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This article is part of the supplement: Selected articles from the Eighth Asia-Pacific Bioinformatics Conference (APBC 2010)

Open Access Research

Active machine learning for transmembrane helix prediction

Hatice U Osmanbeyoglu1, Jessica A Wehner2, Jaime G Carbonell3 and Madhavi K Ganapathiraju14*

Author Affiliations

1 Department of Biomedical Informatics, University of Pittsburgh School of Medicine, Pittsburgh, PA, USA

2 Department of Mathematics, University of North Carolina, Chapel Hill, NC, USA

3 Language Technologies Institute, Carnegie Mellon University, Pittsburgh, PA, USA

4 Intelligent Systems Program, University of Pittsburgh School of Art and Sciences, Pittsburgh, PA, USA

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BMC Bioinformatics 2010, 11(Suppl 1):S58  doi:10.1186/1471-2105-11-S1-S58

Published: 18 January 2010

Abstract

Background

About 30% of genes code for membrane proteins, which are involved in a wide variety of crucial biological functions. Despite their importance, experimentally determined structures correspond to only about 1.7% of protein structures deposited in the Protein Data Bank due to the difficulty in crystallizing membrane proteins. Algorithms that can identify proteins whose high-resolution structure can aid in predicting the structure of many previously unresolved proteins are therefore of potentially high value. Active machine learning is a supervised machine learning approach which is suitable for this domain where there are a large number of sequences but only very few have known corresponding structures. In essence, active learning seeks to identify proteins whose structure, if revealed experimentally, is maximally predictive of others.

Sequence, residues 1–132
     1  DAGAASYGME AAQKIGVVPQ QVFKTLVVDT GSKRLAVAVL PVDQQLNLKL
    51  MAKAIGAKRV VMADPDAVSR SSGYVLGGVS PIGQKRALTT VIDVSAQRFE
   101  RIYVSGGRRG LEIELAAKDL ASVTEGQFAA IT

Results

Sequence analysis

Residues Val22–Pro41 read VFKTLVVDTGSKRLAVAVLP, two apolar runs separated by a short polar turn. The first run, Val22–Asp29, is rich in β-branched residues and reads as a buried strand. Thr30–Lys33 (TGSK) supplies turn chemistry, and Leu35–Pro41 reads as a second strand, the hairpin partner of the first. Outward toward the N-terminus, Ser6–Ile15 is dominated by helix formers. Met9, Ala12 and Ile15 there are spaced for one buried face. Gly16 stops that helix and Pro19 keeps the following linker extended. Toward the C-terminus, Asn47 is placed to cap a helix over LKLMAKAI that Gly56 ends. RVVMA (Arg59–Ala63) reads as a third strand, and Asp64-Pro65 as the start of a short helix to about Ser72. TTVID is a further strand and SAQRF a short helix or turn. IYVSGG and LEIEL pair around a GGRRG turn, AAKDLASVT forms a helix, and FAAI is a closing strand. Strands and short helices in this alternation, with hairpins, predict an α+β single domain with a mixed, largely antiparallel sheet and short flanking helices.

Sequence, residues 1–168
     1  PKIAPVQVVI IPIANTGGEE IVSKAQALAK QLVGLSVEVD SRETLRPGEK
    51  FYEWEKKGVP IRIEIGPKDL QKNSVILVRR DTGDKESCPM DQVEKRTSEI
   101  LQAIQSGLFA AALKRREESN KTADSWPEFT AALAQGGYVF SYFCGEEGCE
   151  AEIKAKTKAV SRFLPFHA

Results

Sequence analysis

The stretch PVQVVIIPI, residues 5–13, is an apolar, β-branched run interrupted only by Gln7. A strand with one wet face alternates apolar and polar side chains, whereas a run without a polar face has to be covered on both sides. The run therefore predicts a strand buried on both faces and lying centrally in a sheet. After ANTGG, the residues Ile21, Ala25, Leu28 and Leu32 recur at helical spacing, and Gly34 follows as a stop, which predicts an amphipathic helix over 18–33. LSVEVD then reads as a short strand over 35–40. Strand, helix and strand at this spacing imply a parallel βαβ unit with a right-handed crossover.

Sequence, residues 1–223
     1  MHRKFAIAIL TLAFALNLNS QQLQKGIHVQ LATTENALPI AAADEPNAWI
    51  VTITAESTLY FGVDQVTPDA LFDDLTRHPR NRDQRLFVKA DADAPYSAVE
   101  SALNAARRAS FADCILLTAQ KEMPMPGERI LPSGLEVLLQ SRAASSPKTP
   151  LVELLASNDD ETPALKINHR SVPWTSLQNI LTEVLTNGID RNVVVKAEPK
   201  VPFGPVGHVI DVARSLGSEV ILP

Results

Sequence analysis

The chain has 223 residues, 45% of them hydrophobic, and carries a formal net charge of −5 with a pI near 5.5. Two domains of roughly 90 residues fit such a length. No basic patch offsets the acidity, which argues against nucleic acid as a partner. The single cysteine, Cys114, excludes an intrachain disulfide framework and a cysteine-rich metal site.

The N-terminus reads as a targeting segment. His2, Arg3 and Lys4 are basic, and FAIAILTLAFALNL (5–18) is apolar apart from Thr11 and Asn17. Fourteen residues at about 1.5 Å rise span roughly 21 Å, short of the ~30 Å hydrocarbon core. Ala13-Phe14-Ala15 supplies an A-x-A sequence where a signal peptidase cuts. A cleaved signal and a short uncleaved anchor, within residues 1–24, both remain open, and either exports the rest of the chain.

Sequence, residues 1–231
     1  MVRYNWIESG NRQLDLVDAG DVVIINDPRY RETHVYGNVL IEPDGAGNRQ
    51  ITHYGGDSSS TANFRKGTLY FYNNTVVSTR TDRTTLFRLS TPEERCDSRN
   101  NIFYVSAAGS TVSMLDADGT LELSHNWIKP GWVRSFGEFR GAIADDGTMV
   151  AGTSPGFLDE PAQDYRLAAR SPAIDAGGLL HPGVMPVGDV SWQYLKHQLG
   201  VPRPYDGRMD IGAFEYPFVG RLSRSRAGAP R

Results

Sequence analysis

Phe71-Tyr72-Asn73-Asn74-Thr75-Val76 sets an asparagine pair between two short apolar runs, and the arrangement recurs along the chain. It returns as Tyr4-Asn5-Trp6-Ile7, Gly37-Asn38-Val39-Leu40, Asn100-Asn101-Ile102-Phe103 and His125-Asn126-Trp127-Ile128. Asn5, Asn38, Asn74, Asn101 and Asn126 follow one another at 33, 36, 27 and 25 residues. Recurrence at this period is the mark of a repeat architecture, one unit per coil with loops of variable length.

Results

An active learning approach is presented for selection of a minimal set of proteins whose structures can aid in the determination of transmembrane helices for the remaining proteins. TMpro, an algorithm for high accuracy TM helix prediction we previously developed, is coupled with active learning. We show that with a well-designed selection procedure, high accuracy can be achieved with only few proteins. TMpro, trained with a single protein achieved an F-score of 94% on benchmark evaluation and 91% on MPtopo dataset, which correspond to the state-of-the-art accuracies on TM helix prediction that are achieved usually by training with over 100 training proteins.

Conclusion

Active learning is suitable for bioinformatics applications, where manually characterized data are not a comprehensive representation of all possible data, and in fact can be a very sparse subset thereof. It aids in selection of data instances which when characterized experimentally can improve the accuracy of computational characterization of remaining raw data. The results presented here also demonstrate that the feature extraction method of TMpro is well designed, achieving a very good separation between TM and non TM segments.